I believe that is called social engineering.

Monday 12 May 2014

The Wisdom of the Scots!

Why do people who drink water out of plastic bottles which leeches toxins into their water ( they then throw away the toxic plastic) think they're 'eco-sensitive?'
Some of the leeched substances contain hormone-like substance that may account for the fact that forty year old males need Viagra and the new 'big pharma 'disease is "low T" (they don't mention testosterone because they are not quite sure what it is.).

Why do people who drive to everything think they're 'eco-sensitive?' Are they fracking mad? I'd be much more impressed if the Al Gorks of this world rode a bicycle instead of a personal jet.
The sheeple just don't seem to get it! When they stop agitating to get all they can from the practices that they condemn, they will be a little more credible!

As Robbie Burns said:
O wad some Power the giftie gie us
To see oursels as ithers see us!
It wad frae mony a blunder free us,
An' foolish notion:

Friday 9 May 2014

Gone to Pot!

I resent "Medicine" being manipulated by anyone, whether it's the government, Big Pharma, or any aspect of what is so appropriately termed 'The Health Care Industry' itself. The latest piece of social engineering is to plan to 'legalize' marijuana as a bone fide medical treatment,knowing full well that once this happens it will be freely available in much the same way as booze or cigarettes. (Indeed, it will not elicit the same witch hunt that cigs do today) Smoking pot, incidentally, may be quite as harmful as tobacco to the lungs, apart from its better known effects. I don't know of any medicinal uses of marijuana that cannot be as well served by medications now on the market. So, if society wants to legalize pot, let them do so without putting honest physicians in an impossible situation. The few unscrupulous ones will find a goldmine, one way or another.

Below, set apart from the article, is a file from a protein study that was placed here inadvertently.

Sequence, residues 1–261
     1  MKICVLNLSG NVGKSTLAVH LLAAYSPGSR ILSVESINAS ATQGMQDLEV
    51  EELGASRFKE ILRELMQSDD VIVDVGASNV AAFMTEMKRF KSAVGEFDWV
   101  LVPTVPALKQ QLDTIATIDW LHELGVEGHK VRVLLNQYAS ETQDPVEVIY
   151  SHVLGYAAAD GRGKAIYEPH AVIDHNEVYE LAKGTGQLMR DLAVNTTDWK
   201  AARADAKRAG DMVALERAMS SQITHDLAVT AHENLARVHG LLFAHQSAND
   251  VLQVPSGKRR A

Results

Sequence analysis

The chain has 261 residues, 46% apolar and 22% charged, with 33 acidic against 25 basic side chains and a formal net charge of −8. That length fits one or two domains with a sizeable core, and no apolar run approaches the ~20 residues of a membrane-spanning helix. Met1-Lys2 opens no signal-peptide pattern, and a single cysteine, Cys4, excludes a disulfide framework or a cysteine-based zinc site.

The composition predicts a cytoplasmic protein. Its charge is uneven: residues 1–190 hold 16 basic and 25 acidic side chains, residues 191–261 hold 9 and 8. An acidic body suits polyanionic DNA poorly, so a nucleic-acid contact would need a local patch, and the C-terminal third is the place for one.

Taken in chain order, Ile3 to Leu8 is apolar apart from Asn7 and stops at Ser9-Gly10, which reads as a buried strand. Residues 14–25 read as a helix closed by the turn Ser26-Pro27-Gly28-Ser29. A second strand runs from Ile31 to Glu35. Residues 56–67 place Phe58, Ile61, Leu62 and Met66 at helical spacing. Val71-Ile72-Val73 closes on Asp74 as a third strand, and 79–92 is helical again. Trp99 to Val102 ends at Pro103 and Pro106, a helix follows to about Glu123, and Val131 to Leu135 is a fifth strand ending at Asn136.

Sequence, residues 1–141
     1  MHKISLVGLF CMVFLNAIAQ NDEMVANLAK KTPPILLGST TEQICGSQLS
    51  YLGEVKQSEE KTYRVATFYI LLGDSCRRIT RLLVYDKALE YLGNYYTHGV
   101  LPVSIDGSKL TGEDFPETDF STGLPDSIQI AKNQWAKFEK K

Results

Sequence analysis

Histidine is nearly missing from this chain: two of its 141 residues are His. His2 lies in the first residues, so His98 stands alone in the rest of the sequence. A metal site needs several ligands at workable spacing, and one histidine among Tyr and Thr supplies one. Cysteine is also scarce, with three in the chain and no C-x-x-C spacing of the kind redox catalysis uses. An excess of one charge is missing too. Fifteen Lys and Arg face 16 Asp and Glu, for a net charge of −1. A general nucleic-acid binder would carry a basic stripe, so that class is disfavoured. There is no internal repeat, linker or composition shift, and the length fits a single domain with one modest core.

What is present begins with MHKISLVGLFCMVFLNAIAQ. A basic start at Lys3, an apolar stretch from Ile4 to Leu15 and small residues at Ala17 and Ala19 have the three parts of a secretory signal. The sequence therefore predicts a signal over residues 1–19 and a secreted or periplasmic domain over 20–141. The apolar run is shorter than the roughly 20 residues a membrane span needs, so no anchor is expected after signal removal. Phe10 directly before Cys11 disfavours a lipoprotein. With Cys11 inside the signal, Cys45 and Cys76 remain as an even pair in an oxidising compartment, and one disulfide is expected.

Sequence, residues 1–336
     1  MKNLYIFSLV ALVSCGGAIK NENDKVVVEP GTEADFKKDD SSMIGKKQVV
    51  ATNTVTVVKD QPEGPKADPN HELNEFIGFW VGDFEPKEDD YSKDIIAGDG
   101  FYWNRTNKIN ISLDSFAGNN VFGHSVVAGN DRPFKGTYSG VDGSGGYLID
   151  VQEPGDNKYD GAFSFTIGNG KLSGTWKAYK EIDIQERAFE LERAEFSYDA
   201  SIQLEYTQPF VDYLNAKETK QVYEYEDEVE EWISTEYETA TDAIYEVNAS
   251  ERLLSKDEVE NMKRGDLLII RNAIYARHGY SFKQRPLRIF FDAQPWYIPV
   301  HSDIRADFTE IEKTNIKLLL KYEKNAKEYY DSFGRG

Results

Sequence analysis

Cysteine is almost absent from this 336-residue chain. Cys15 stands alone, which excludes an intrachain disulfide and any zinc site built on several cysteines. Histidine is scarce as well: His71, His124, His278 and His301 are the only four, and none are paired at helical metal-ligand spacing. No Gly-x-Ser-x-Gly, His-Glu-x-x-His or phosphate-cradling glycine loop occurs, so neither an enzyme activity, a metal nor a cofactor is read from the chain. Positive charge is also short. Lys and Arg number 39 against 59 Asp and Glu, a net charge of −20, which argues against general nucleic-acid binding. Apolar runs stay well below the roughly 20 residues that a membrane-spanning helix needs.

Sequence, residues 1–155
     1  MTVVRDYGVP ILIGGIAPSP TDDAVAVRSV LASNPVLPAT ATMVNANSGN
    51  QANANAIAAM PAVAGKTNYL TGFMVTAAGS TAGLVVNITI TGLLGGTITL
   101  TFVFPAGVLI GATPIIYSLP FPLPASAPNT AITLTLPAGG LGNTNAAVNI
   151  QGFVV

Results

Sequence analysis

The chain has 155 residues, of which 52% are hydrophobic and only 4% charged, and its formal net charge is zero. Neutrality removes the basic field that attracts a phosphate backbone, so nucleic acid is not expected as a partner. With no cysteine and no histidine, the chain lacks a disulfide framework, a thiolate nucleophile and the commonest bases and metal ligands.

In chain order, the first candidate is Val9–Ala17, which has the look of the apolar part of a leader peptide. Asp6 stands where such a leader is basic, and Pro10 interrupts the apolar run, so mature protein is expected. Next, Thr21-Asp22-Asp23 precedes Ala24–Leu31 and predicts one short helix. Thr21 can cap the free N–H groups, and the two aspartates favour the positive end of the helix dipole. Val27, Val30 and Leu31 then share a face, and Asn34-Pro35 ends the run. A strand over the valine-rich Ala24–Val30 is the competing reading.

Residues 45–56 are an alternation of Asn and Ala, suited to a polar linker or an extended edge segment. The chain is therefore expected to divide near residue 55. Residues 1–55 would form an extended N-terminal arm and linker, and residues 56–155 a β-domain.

Of interest, a previous Minister for Health of this province has now entered the marijuana growing business.
At least he is now more appropriately placed than he was previously.  Or does he think he is promoting health?
The social implications of this remains to be seen, but there will be consequences. And remember, the pot today isn't the pot you smoked in College!
By the way, last week I had a letter from a company advising me of the various strengths they have available and asking would I like to register with them!

Monday 5 May 2014

Sci-Fi Medicine!

Sci-Fi Medicine.

When one of my favourite nephews phoned me last night I think I managed to sound as though I had not just emerged from my postprandial nap. After the usual solicitations he inquired as to whether I was near my Skype source.
"Would you mind taking a look at my little guy's eye?" he asked. "We took him to the clinic and got some eye-drops for an infection, but it seems to be looking worse and we wondered whether you would take a look at it."
"Sure," I said, logging on to Skype. (I know my family think I am omniscient regarding all things medical.) I managed to have a good look at the eye thirty seconds later and everything worked out well.
That set me to thinking about the days when this was pure science fiction stuff.
I became interested in practical applications of computer sciences in Medicine early on, when the huge distances in Saskatchewan meant that many people were far removed from medical resources and progressive thinkers were trying to figure out ways to do just what we so easily did last night.
The applications of technology and computerization in medicine can be enormous, as long as we control those applications rather than allowing them to control us. I'm afraid the bureaucrats my have rather different ideas as to how they should be used than the front line health care providers.